Not always a suicide mission! Q2A Firebee "I go Pogo"
About the Ryan Q2A Firebee
Often you only have to deviate a little from the usual paths to get to know completely new landscapes - or to discover new perspectives on the familiar. I had a similar experience with this small but insightful project. The step from a model of a manned aircraft to one of an unmanned target drone is not a big one from a purely technical point of view, but nevertheless I was able to find out a lot of new and remarkable things from the world of the early "UAV, the Unmanned Area Vehicles".
Then, of course, there is the matter of the inscription: "I go Pogo". I just couldn't be bothered not knowing what could have been meant by this interesting-sounding message. But to my relief, from the moment I finally had the key in the lock, figuratively speaking, the mystery was easily solved in a rather cheerful way.
But more of that at the end of this article, because to begin with I'd like to share a few of the facts surrounding the Ryan Firebee that I found particularly interesting.
Right after the end of World War II, the US Armed Forces issued a request for proposals for a turbine-powered and near-sonic target drone, which was met with proposals from numerous manufacturers, sensing big business on the horizon. In the end, Ryan Aeronautical Company was awarded the contract for the XQ2.
The first flight of the prototype took place in 1951, and after extensive testing, series production soon began under the designation Q2A Firebee. The US Navy also showed interest: with a more powerful Fairchild J44-R-20B turbine instead of the Continental J69-T-19B engine of the USAF and under the new designation KDA-1, the Firebee soon also rolled off the production line for the Navy.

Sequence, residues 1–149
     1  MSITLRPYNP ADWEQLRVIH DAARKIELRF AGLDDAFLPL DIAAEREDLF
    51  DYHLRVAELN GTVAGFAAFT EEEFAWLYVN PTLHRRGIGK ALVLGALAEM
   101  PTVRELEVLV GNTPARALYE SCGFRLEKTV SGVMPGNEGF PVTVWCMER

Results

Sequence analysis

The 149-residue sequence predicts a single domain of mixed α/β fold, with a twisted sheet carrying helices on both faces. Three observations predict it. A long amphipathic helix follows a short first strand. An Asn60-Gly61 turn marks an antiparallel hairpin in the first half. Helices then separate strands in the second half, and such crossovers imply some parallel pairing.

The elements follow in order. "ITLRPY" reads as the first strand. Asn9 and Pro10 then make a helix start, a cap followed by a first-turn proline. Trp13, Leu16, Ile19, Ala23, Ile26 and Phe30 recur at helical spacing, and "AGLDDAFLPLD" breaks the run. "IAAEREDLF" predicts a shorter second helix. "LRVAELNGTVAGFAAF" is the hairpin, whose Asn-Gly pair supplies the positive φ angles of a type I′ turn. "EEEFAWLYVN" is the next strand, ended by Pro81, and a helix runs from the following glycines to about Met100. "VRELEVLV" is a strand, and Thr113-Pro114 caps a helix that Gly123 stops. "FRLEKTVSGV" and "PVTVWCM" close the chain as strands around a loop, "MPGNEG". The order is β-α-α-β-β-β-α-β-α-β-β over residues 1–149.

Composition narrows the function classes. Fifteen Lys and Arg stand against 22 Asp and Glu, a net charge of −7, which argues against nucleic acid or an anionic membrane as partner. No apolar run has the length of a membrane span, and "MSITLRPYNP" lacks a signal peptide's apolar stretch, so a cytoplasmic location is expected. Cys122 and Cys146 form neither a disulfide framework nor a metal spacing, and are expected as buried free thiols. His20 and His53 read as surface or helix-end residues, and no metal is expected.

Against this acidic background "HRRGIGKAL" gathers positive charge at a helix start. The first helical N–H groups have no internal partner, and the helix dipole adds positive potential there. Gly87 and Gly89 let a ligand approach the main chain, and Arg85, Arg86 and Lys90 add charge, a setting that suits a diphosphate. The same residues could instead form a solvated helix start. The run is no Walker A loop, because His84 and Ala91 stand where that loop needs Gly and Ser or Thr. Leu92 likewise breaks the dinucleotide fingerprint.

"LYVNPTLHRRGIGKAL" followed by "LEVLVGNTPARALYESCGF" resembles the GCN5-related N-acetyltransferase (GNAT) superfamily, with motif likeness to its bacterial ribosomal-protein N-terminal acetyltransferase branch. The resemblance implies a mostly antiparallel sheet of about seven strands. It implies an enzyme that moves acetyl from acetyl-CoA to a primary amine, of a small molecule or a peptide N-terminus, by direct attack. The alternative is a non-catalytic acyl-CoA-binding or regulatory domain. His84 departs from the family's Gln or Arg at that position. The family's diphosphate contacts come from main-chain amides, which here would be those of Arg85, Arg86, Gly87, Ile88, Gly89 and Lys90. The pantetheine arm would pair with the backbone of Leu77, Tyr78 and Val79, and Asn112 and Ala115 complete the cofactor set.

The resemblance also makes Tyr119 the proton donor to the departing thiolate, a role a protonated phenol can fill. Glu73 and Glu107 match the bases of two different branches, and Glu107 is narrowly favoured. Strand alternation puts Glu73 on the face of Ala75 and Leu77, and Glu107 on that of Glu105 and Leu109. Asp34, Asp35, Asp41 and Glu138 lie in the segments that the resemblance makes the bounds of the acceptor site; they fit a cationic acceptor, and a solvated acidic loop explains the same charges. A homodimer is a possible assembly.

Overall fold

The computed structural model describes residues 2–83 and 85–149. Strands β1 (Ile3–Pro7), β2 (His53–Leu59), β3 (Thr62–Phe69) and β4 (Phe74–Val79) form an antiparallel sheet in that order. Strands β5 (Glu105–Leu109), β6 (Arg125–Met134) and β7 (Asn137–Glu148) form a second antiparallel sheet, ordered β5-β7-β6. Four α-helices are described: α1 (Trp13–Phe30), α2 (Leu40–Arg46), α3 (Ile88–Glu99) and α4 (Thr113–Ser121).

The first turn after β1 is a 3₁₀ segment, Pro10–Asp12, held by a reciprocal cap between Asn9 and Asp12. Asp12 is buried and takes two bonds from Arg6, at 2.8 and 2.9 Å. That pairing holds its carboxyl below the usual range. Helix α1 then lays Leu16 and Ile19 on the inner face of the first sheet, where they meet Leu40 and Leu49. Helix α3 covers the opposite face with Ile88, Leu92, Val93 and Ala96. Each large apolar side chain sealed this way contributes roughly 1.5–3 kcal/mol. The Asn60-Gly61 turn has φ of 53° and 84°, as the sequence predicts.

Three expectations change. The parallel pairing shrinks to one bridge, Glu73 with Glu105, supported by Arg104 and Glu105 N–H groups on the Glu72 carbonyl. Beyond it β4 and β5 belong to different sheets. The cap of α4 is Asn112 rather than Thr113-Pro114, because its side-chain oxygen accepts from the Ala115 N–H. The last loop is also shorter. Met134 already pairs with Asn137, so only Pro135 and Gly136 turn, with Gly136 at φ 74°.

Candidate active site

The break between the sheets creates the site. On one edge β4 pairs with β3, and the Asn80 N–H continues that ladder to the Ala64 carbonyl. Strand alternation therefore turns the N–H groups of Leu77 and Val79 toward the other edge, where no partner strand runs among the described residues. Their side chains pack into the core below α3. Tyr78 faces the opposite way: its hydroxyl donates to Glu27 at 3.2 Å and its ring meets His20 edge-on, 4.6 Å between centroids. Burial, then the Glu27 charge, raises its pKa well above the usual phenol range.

The Firebee fulfilled all expectations in terms of performance; over the decades, a total of more than 7000 examples of this agile remote-controlled target aircraft were delivered in numerous variants and some with extensive modifications. Incidentally, the Canadian Air Force was also one of the users: thirty KDA-4 Firebees were used to test the new weapon systems of the CF-100 and later those of the planned CF-105 Arrow from Avro Canada. Two modified Avro Lancasters were used as carrier aircraft for the Canadian Firebees.
The Firebees were launched either from the ground or by a carrier aircraft. For the spectacular ground launch, the drone was equipped with a RATO launch vehicle, while the air launch was initially carried out by modified B-26 Invaders, later joined by other suitable aircraft such as the C-130 Hercules.
Typically, Firebee missions took off at altitudes between 4,000 and 15,000 metres, with the aircraft crew connected to the drone's technical inner workings via an electronic umbilical cord until release. After disconnecting and dropping the missile, a flight control officer on the ground took over further flight control of the drone. Visual contact was not necessary and not even possible due to the speed and range of the Firebee. The position of the drone was determined by radar direction finding, the radio remote control by the ground control worked up to the remarkable distance of 240 kilometres.
The two streamlined bodies at the wingtips of the Q2A are not additional tanks, but house complex electronics that represented the "state of the art" at the time. On the one hand, the drone could detect missiles fired at it with its own radar source and continuously report their proximity in relation to its own position to the ground station; on the other hand, the nacelles also contained the receiver electronics for controlling the drone itself. Another actively emitted signal made the drone recognisable to the ground control station and helped guide aircraft towards the target actor.